The data modulation is QPSK in downlink whereas it is BPSK for the uplink.2.2.22 are employed for pulse shaping.3 shows the principal frame structure of the uplink dedicated physical channels. The downlink user has a DPDCH and a DPCCH.2 Uplink Frame Structure Figure 2. a super frame corresponds to 72 frames. As in the uplink. cos(ωct) Scrambling Code(CSC) p(t) DPDCH/ DPCCH Serial to Channelization Code(Cch) Parallel j p(t) sin(ωct) Figure 2. The super frame length is 720 ms. i. 2.2 shows the spreading and modulation for a downlink user. whereas it is mobile station specific in the uplink.2: Downlink Spreading and Modulation We can observe some differences between the spreading and modulation in the downlink and that in the uplink. Square-Root Raised Cosine filters with roll-off factor of 0.4 and 2. The pulse shaped signal is subsequently upconverted as shown in Figure 2. The scrambling code is cell specific in the downlink. Additional DPDCHs are QPSK modulated and spread with different channelization codes. Each slot is of length 2560 chips. The OVSF codes and the scrambling codes are described in sections 2. 12 .e.5 respectively. corresponding to one power control period. Each frame of 10 ms is split into 15 slots. The data rates in the I and Q-channels are the same in the downlink whereas data rates in the I and Q-channel of the uplink may be different.

Data Pilot TFCI FBI TPC Tslot=2560 chips. It is related to spreading factor (SF) of the physical channel as SF = 256 2k (2. 10×2k bits (k = 0.. The spreading factor is selected according to the data rate.3: Frame Structure for Uplink DPDCH/DPCCH Pilot bits assist coherent demodulation and channel estimation. TFCI stands for transport format combination indicator and is used to indicate and identify several simultaneous services.6) Slot 1 Slot i Tf=10 ms Slot 15 Frame 1 Frame i Tsuper=720 ms Frame 72 Figure 2.3 determines the number of bits in each slot. The parameter k in Figure 2.1) The spreading factor thus may range from 256 down to 4. TPC which stands for transmit power control is used for power control purposes. Feedback Information (FBI) bits are to be used to support techniques requiring feedback. 13 . The exact number of bits of these different uplink DPCCH fields is given in [6].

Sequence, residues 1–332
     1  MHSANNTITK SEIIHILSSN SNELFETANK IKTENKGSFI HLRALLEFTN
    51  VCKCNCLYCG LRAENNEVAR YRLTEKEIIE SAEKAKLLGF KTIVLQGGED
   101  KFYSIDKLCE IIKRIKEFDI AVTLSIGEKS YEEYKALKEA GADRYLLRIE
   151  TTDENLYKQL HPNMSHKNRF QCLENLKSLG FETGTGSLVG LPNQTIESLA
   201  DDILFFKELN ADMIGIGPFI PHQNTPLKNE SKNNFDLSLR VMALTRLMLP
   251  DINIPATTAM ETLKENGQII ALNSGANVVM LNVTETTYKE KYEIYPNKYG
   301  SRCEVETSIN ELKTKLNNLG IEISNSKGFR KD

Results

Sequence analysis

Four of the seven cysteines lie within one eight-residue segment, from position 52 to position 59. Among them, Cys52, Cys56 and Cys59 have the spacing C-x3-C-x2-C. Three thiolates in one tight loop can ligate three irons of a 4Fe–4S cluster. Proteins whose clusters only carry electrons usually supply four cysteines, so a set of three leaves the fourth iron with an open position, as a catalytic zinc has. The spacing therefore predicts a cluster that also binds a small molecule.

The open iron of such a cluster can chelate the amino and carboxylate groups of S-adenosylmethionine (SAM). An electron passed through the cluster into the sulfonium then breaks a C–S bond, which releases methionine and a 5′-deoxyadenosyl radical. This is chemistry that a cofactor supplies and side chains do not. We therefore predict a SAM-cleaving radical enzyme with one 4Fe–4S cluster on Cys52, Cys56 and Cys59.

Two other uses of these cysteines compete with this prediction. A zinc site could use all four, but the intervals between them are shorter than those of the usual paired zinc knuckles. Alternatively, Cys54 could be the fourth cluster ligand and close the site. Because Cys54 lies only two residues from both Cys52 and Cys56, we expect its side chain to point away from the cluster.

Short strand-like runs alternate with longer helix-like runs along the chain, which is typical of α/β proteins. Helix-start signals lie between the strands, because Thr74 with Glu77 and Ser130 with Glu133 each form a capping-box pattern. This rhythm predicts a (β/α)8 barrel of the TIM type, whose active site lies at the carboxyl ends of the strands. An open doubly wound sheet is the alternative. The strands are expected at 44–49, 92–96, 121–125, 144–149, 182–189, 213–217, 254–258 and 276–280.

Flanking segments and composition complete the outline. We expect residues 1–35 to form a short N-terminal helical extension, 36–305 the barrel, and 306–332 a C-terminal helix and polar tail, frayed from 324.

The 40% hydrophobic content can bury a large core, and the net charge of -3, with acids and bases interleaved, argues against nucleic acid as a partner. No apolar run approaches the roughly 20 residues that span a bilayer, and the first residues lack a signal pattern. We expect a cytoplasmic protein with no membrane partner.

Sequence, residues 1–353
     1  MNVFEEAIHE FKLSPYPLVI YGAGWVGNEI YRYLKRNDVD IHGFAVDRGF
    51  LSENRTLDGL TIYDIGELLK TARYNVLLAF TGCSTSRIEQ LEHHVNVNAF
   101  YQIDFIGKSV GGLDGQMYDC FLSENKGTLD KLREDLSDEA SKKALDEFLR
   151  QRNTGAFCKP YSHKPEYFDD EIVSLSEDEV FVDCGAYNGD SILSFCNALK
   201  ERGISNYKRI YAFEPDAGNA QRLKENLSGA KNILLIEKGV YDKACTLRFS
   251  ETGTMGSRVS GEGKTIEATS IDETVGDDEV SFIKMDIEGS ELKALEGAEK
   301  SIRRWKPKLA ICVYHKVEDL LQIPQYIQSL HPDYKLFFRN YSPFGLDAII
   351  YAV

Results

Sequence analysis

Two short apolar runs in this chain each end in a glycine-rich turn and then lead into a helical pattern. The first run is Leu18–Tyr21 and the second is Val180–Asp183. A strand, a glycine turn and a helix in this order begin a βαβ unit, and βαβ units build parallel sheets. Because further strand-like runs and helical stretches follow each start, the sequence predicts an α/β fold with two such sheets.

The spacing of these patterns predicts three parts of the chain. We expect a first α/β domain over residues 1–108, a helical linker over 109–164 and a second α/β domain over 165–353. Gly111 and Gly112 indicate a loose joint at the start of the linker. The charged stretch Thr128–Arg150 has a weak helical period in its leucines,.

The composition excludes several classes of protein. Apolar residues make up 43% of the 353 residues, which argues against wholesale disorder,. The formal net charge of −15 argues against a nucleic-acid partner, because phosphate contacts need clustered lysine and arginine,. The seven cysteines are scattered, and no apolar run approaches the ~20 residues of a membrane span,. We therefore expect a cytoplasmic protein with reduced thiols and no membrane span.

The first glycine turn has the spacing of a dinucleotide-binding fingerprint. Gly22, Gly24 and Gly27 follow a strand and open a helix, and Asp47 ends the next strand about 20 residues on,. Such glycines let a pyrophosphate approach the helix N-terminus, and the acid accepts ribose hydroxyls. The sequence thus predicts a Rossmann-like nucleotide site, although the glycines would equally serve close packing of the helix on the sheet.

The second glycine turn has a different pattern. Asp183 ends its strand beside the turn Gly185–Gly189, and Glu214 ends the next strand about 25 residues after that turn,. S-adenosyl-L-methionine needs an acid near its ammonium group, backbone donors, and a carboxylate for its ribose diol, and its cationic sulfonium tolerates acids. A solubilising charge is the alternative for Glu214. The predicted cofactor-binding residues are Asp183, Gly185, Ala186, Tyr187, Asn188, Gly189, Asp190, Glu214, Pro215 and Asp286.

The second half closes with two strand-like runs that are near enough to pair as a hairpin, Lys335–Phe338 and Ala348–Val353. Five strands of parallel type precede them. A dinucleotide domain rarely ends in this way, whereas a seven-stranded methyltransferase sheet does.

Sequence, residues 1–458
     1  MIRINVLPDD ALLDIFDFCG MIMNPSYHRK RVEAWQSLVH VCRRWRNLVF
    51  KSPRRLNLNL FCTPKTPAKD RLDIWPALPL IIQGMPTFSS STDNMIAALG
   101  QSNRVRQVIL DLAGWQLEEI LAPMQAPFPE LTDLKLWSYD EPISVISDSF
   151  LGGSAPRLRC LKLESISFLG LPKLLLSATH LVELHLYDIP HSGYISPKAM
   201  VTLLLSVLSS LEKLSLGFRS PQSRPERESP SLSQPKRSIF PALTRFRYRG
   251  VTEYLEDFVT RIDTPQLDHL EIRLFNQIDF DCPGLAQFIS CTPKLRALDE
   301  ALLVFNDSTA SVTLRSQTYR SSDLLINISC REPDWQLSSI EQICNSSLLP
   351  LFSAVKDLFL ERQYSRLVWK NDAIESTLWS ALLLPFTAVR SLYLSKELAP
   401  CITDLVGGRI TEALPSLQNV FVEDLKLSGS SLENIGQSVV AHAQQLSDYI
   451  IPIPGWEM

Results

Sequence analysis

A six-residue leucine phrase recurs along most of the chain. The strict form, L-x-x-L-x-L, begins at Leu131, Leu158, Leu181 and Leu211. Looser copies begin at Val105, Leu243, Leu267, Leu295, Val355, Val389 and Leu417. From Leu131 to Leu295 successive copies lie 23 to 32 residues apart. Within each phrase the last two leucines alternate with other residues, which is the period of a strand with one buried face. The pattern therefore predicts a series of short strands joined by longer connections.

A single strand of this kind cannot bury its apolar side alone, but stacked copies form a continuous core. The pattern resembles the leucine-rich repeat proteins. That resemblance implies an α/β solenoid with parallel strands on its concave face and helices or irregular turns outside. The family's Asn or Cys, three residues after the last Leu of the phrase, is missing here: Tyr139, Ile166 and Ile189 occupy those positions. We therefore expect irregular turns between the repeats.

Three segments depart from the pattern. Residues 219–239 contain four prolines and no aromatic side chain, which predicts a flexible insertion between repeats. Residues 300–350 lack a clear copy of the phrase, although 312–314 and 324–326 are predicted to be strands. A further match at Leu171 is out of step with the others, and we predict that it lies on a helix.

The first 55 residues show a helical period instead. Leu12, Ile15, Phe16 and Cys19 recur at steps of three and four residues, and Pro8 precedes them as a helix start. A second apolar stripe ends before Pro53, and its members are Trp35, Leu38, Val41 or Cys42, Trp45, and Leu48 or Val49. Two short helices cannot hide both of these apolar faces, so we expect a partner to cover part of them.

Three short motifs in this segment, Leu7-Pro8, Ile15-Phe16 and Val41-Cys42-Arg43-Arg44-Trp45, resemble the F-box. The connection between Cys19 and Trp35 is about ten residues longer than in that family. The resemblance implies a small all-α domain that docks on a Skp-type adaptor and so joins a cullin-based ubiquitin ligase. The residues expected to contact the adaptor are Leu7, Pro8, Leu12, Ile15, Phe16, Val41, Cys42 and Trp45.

the super frame length corresponds to 72 frames. A super frame corresponds to 720 ms.e. The exact number of bits in each of the downlink DPCH fields is described in [6]. corresponding to one power control period. each frame of 10 ms is split into 15 slots. Thus an additional spreading factor of 512 is permitted at the downlink.2) The spreading factor thus has a range of 4 to 512.4 shows the principal frame structure of the downlink dedicated physical channels. 14 . 10×2k bits (k = 0. TFCI Data 1 TPC Data 2 Pilot Tslot=2560 chips. As in the uplink.3 Downlink Frame Structure Figure 2. Each slot is of length 2560 chips.4: Frame Structure for Downlink DPCH The parameter k is related to the SF of the physical channel as SF = 512 2k (2.7) Slot 1 Slot i Tf=10 ms Slot 15 Frame 1 Frame i Tsuper=720 ms Frame 72 Figure 2.2. i.. The different control bits have similar meaning to those in the uplink.